|Publication number||US4123855 A|
|Application number||US 05/823,349|
|Publication date||Nov 7, 1978|
|Filing date||Aug 10, 1977|
|Priority date||Aug 10, 1977|
|Publication number||05823349, 823349, US 4123855 A, US 4123855A, US-A-4123855, US4123855 A, US4123855A|
|Inventors||Shirley C. Thedford|
|Original Assignee||Thedford Shirley C|
|Export Citation||BiBTeX, EndNote, RefMan|
|Patent Citations (10), Referenced by (116), Classifications (12)|
|External Links: USPTO, USPTO Assignment, Espacenet|
This invention relates to a fluid filled insole.
An insole worn in a shoe can be a source of comfort to the wearer. The common form, fashioned of foam material provides a surface for the foot to push against that is more resilient than the normal inner surface of a shoe sole. In addition, the insole is a replaceable element which covers wrinkles that might form in the inner surface of the shoe sole.
A fluid filled insole is capable of providing even more comfortable wear because of the particular distribution of support produced by a fluid. In addition, the structure of the insole can permit the fluid to flow back and forth in a controlled fashion during walking so as to produce a massaging action on the foot.
Unfortunately, existing fluid filled insoles have several shortcomings. The insoles are usually made of vinyl; as a result, the feet of the wearer have a tendency to get hot from the insoles. In addition, the flow of the fluid during walking is not optimal. There are barriers in the insole which prevent the flow of fluid in certain directions, but in spaces between the barriers, the fluid moves somewhat too swiftly to uncompressed regions of the insole. There is also a durability problem with these insoles caused by the wrinkling and shearing forces to which they are subjected.
In accordance with the present invention, it has been determined that the use of openings or apertures in the insole provides a ventilating effect as the wearer walks, compressing different parts of the insole. This ventilation keeps the foot from getting hot. In addition, the placement of the apertures provides improved flow patterns, including a slower, turbulent flow, evenly distributed around the apertures.
The improved insole of the present invention is formed from two super-imposed sheets of flexible, fluid-impervious material. Each sheet is generally in the shape of a foot and includes portions to underlie the ball, longitudinal arch and heel of the foot. There are openings passing through both sheets, with the sheets being sealed together around the openings to form apertures through the entire innersole structure. In addition, the sheets are sealed together near the edges thereof to form an enclosure between the sheets capable of holding a fluid.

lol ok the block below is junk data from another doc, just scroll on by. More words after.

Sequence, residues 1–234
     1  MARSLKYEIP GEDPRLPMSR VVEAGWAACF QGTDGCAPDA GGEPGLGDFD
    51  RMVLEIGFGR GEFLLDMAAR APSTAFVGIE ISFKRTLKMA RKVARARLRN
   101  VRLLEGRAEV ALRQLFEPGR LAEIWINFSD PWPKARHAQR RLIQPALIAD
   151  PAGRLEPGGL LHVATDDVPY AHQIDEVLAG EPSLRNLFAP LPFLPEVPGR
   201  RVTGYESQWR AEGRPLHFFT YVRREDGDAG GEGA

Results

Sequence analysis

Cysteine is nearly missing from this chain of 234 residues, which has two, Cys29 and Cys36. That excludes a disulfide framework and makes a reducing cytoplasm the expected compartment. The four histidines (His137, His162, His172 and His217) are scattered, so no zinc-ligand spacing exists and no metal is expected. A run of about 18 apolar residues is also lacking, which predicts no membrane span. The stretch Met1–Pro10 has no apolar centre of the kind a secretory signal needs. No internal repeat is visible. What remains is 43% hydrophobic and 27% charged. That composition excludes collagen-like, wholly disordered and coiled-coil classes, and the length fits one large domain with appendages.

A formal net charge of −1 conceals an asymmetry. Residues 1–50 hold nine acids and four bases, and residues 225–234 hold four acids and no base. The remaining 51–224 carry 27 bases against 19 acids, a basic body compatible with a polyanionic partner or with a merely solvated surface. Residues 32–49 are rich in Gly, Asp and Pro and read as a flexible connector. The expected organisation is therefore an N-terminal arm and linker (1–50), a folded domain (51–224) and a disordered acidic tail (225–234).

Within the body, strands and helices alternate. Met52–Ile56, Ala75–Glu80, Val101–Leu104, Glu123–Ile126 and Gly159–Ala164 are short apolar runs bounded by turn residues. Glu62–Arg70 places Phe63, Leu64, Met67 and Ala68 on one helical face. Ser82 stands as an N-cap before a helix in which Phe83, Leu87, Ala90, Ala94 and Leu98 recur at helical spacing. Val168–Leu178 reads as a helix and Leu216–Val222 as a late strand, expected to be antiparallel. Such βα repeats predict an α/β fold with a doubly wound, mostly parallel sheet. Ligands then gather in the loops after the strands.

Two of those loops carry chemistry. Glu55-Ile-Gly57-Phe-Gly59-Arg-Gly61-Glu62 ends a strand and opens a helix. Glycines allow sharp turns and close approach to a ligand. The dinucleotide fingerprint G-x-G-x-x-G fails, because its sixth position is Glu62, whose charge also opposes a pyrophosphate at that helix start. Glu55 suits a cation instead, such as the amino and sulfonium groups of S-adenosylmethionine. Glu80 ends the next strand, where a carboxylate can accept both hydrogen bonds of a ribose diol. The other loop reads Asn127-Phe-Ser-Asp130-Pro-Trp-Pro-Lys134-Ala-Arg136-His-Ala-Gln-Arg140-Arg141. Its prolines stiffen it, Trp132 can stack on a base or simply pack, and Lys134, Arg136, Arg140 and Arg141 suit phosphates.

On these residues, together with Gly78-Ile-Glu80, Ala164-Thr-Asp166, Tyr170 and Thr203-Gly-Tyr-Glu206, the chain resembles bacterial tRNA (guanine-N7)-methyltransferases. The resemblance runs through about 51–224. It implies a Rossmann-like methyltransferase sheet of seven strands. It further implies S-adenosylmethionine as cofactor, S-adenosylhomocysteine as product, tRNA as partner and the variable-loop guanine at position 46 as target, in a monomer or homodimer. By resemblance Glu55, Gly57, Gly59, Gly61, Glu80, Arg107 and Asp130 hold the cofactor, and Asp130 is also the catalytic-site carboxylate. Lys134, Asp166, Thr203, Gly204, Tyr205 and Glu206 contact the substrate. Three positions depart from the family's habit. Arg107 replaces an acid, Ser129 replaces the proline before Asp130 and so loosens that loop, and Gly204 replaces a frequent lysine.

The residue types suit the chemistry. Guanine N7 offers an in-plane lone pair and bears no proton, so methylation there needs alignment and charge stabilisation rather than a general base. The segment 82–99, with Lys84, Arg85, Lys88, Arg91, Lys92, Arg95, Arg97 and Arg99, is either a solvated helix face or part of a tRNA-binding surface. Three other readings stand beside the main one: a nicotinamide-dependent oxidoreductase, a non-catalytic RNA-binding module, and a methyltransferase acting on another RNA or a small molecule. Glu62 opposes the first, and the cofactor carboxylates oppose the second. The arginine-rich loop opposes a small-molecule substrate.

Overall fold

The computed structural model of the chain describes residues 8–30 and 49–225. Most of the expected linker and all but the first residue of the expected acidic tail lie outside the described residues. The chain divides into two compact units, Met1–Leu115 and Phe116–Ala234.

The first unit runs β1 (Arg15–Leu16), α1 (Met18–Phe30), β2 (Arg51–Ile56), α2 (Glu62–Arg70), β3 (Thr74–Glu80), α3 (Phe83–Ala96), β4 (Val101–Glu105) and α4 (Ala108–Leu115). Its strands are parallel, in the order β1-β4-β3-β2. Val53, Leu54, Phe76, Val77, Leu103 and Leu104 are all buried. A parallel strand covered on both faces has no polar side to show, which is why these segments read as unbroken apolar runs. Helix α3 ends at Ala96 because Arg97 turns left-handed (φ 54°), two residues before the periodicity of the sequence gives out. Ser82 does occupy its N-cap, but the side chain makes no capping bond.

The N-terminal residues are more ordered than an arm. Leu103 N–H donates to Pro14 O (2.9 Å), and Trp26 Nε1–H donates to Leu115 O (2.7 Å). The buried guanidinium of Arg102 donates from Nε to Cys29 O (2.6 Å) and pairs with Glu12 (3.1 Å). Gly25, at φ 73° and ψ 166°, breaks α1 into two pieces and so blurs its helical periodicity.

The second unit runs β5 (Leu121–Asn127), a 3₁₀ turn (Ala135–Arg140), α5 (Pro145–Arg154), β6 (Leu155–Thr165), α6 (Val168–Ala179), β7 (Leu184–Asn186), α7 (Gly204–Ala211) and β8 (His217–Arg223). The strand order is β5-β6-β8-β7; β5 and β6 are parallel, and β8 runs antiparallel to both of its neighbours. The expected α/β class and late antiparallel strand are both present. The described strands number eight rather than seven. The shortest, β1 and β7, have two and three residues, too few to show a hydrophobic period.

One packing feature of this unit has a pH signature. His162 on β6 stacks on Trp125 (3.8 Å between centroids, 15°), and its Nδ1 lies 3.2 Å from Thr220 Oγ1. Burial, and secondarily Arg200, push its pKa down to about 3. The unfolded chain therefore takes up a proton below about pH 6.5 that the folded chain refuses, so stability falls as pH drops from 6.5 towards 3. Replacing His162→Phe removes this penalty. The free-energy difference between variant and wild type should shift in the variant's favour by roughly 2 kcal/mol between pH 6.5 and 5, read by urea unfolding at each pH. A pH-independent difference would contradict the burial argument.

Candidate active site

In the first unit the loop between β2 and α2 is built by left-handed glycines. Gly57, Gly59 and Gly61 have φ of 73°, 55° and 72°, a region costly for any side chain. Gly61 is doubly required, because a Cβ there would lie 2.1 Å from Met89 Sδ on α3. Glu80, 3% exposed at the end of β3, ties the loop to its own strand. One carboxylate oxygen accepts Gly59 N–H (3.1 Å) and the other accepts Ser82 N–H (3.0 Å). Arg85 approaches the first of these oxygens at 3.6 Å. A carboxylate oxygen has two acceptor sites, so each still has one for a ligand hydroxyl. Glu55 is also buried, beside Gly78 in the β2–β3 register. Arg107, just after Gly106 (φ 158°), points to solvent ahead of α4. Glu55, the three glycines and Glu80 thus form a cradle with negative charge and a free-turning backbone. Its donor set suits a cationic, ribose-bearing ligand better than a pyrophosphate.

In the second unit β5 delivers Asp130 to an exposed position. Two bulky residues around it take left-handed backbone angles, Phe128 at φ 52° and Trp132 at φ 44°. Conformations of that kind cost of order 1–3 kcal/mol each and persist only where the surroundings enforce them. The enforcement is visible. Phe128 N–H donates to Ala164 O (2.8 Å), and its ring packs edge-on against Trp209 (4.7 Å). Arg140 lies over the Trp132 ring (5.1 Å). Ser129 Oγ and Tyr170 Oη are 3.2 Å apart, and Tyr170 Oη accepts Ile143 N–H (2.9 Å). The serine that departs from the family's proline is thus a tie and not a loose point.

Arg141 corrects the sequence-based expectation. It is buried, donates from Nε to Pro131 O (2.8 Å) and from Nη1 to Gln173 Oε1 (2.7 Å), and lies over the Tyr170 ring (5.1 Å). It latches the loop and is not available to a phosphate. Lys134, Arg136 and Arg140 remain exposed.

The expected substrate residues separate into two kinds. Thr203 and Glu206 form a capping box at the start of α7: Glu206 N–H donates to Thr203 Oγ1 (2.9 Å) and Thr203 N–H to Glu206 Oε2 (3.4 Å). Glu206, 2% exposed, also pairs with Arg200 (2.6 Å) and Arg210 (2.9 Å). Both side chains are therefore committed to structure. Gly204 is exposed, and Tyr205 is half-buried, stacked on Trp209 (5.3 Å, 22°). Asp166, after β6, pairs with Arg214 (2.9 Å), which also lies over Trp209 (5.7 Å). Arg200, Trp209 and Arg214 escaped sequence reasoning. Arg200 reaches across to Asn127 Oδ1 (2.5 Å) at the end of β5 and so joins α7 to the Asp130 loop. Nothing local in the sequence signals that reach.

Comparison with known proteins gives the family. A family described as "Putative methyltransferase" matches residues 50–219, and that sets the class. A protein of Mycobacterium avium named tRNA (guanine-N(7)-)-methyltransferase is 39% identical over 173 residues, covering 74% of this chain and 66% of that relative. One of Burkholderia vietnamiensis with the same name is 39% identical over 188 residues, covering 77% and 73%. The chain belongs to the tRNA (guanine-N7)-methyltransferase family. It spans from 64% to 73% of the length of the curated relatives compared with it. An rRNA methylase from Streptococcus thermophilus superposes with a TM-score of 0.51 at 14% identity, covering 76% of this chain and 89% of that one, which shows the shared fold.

Various types of ventilating openings are embraced by the concept of the invention. One type is an aperture with the sheets sealed together with a crimping immediately around the aperture. In another type, the sheets are sealed together in a relatively smooth area surrounding an aperture, with crimping surrounding the smooth area. In yet another type, the sheets are sealed together along an elongated strip with slit openings in the strip and spaced along a portion of the length of it.
In another embodiment of the invention, a foam layer is disposed between the sheets of the insole to significantly control the flow of fluid therein. This embodiment can also be provided with ventilating openings passing through the sheets and the foam material.
The openings in the insole produce a ventilating effect as the wearer walks, compressing different parts of the insole. They also control the flow of fluid in the insole by impeding flow in certain paths. Thus, the placement of openings along selected lines on the insole provides a desired compartmentalization for the temporary accumulation of fluid in portions of the insole during walking, as the fluid is transported from one portion of the innersole to another portion. The various embodiments of the openings affect flow of the fluid differently, as will be described in more detail below. Improvements in the flow of the fluid are also effected by the use of a layer of foam material in one embodiment.
The sealing around the openings, and along lines and strips serve to stabilize the shape of the sole during walking. An additional structural factor of considerable importance in such an insole is its durability. The regions where the sheets are sealed together are points of high stress. The embodiments disclosed allow ventilatory openings through the insole, while remaining quite durable.
These and other advantages and features of the invention will become apparent from a consideration of the description of the preferred embodiments which follows.
FIG. 1 is a plan view of an insole according to the invention.
FIG. 2 is a cross-section taken along the section line 2 in FIG. 1.
FIG. 3 is a cross-section taken along the section line 3 in FIG. 1.